This paper documents more than a decade of work to produce an automated in- ventory target-setting process to enable Intel to manage more than $1 billion of finished-goods inventory. What began as a manual pilot project in 2005 has grown into an automated inventory planning process encompassing all forward-staged inventory points in Intel’s global distri- bution network. Key elements in the change transformation include the automatic removal of forecast bias and forecasting based on similar past products. Pivotal to the transformation was first piloting the multiechelon inventory optimization (MEIO) within the existing business process, enabling supply planners to be able to see how MEIO would have been an im- provement over their ad hoc approach and tracking the reasons for their system overrides. The resulting inventory models are run weekly, and over 99.5% of each week’s inventory targets are accepted automatically by the supply planning community. For the four-year period spanning 2014–2017, Intel’s finance organization credits the deployment of MEIO with increasing Intel’s gross profits by over $1.3 billion. As of this writing in 2018, this lights-out process manages approximately 85% of all finished-goods inventory. The breadth of the implementation at Intel is evidence that other companies can implement this process and achieve similar results.

Arnow, D. and S. P. Willems, “Practice Summary:  Intel Calculates the Right Service Level for its Products,” Interfaces, July-Aug 2017, Vol. 47, No. 4, pp. 362-365.

All too often, companies do not rigorously calculate service levels. Instead, they arbitrarily set service levels by employing a top-down mandate. They employ this arbitrary approach because they have difficulty in quantifying the economics of a specific service level; the primary difficulty these companies encounter is quantifying the cost of not satisfying demand. Intel’s Customer Fulfillment and Logistics Group has developed a data-driven approach to calculate customer service levels. The major breakthrough in this work is a simple three-step process that diverse functions across the supply chain can employ to agree on the costs associated with a given service level.

Hua, N. G. and S. P. Willems, “Optimally Configuring a Two-Stage Serial Line Supply Chain Under the Guaranteed Service Model,” International Journal of Production Economics, Nov 2016, Vol. 181, Part A, pp. 98-106.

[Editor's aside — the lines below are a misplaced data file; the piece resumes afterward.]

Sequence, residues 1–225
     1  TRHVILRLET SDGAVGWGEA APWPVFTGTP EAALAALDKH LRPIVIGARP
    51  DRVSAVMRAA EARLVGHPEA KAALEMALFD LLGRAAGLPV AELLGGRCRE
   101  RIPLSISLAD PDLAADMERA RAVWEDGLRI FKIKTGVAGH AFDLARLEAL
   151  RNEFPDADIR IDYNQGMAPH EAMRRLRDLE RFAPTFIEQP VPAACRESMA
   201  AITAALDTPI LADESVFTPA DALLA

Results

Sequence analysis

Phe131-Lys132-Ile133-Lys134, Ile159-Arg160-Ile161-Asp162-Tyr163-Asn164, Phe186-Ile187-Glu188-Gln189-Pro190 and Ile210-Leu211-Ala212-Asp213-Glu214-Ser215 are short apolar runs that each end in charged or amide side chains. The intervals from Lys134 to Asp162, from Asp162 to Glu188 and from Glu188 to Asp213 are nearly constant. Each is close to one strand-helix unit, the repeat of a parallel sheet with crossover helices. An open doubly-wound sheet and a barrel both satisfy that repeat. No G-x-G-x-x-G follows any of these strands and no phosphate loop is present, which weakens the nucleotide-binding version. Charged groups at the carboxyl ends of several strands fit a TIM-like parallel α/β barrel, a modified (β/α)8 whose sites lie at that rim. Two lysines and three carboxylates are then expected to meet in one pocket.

Design-and-development buyers sourcing new supply chains and strategic sourcing analysts making outsourcing decisions for existing supply chains are in different organizations but share a common problem. Both determine whether an existing part should be replaced. Relative to the existing part, new candidates could be cheaper with longer leadtime, or more expensive with shorter leadtime. Further- more, a longer leadtime part could be buffered with inventory and this could be cheaper than paying more for a shorter leadtime part.

To derive analytical insights into the nature of this problem, we restrict our scope to a two-stage serial line supply chain. This restriction is consistent with sourcing analysts that consider sourcing a single part from different vendors and different transportation alternatives. The resulting two-stage supply chain configuration model jointly determines the chosen option and inventory stocking level at each stage to minimize cost of goods sold, pipeline stock cost and safety stock cost.

We prove it is preferable to synchronize the supply chain by employing the same type of option, either low cost long leadtime or high cost short leadtime, at both stages. We prove that the selection threshold for high cost short lead time options is lowest at just the downstream stage, highest for just the upstream stage, and between these extremes if such a candidate is selected for both stages. If a part’s cost-time relationship follows a functional form, we establish conditions when it is optimal to choose the lowest cost, longest leadtime, option available.

Hua, N. G. and S. P. Willems, “Analytical Insights into Two-Stage Serial Line Supply Chain Safety Stock,” International Journal of Production Economics, Nov 2016, Vol. 181, Part A, pp. 107-112.

Effective inventory management is one of the most significant challenges facing today’s global supply chains. Businesses are observing significant profitability gain by optimizing their inventory. This paper optimizes safety stock inventory in a two-stage serial line supply chain, inspired by real-life Cisco supply chains, under guaranteed-service safety stock model assumptions. We analytically show that the optimal safety stock levels depend on the cost and leadtime parameters of the supply chain. Intuitively, it is only worthwhile to hold safety stock inventory at the upstream stage when cost at the upstream stage is relatively low or its leadtime is relatively long. We also show that total supply chain safety stock cost can be reduced when cost allocated at the upstream stage is reduced or leadtime at the upstream stage is increased.